Police Say This Driver Had 54 Times The Legal Limit Of THC In His System
During a police stop in Washington, a driver was found to have 54 times the legal limit of THC in his system, say locals authorities.
During a police stop in Washington, a driver was found to have 54 times the legal limit of THC in his system, say Washington authorities, who say “[t]hat number is not normal.” With the lab result showing that he had 270 nanograms of THC per milliliter of blood in his system, it also allegedly makes the driver the most impaired driver to get pulled over since 2008, making him a record holder of sorts.
So, just how much was the 53-year-old Washington man over the legal limit? Well, the legal limit for drivers 21 and older is just five nanograms per milliliter of blood, meaning he was really elevated.
The lab manager at the Washington State Patrol toxicology lab, which did the tests, reiterated that the said number is not normal, and “not something we typically see.” In fact, the median amount of THC that is seen in drivers tested was just 3.7 nanograms, even lower than the legal limit.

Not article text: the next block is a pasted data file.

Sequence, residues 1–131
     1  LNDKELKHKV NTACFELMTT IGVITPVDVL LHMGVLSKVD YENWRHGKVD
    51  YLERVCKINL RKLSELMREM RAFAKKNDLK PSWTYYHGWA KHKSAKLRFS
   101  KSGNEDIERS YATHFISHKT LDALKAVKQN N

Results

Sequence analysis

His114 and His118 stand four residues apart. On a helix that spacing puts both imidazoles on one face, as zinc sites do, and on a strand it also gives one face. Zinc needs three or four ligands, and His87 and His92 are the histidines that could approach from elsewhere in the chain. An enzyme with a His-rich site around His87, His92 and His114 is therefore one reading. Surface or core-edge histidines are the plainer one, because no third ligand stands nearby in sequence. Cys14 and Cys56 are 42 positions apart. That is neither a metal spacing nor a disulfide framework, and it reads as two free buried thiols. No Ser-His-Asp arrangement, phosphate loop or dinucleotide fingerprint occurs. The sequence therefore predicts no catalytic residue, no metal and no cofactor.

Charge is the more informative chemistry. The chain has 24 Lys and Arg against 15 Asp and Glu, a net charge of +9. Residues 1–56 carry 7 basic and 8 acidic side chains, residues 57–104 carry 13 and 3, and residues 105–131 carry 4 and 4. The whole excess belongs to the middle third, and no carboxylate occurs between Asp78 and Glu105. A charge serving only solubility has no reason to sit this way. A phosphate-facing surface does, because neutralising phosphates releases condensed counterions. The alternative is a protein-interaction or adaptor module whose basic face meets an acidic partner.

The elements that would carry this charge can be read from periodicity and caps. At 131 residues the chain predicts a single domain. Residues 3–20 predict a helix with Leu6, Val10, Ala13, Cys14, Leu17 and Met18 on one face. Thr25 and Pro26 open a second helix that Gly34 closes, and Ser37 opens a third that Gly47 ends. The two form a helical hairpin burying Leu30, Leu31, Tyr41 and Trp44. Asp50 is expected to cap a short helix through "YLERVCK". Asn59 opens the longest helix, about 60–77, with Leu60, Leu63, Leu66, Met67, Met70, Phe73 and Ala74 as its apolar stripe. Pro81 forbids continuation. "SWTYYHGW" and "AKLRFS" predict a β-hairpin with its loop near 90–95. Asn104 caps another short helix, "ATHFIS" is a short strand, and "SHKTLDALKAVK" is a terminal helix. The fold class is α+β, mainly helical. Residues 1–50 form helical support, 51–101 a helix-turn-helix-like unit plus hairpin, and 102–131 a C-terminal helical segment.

A new record over the legal limit
A State Trooper, Heather Axtman told KOMO that those results mean that the man had the highest THC concentration tested at the lab since at least 2009, continuing that his level of intoxication was a “dangerous situation.”
Before being pulled over by the police, man was allegedly involved in a hit-and-run near Interstate 5 and 176th Street, which is what prompted witnesses to call 911 and follow the man’s car until troopers arrived to take him into custody. But Snohomish County prosecutors are still to file criminal charges against the man.
The prosecutors have yet to estimate just how much weed the man would have ingested to test that highly. But they did say that THC “usually cannot be detected through a blood test after three to five hours,” and “even chronic users would only build up 1 to 2 nanograms per milliliter.”
According to the Washington Traffic Safety Commission, people who smoke weed and then drive were involved in 91 out of 499 fatal crashes, just in 2015. In 2014, the State Patrol said 349 drivers that were pulled over tested positive for THC.
They do field sobriety tests based on alcohol.
Researchers are trying to figure out “how high is too high to drive.”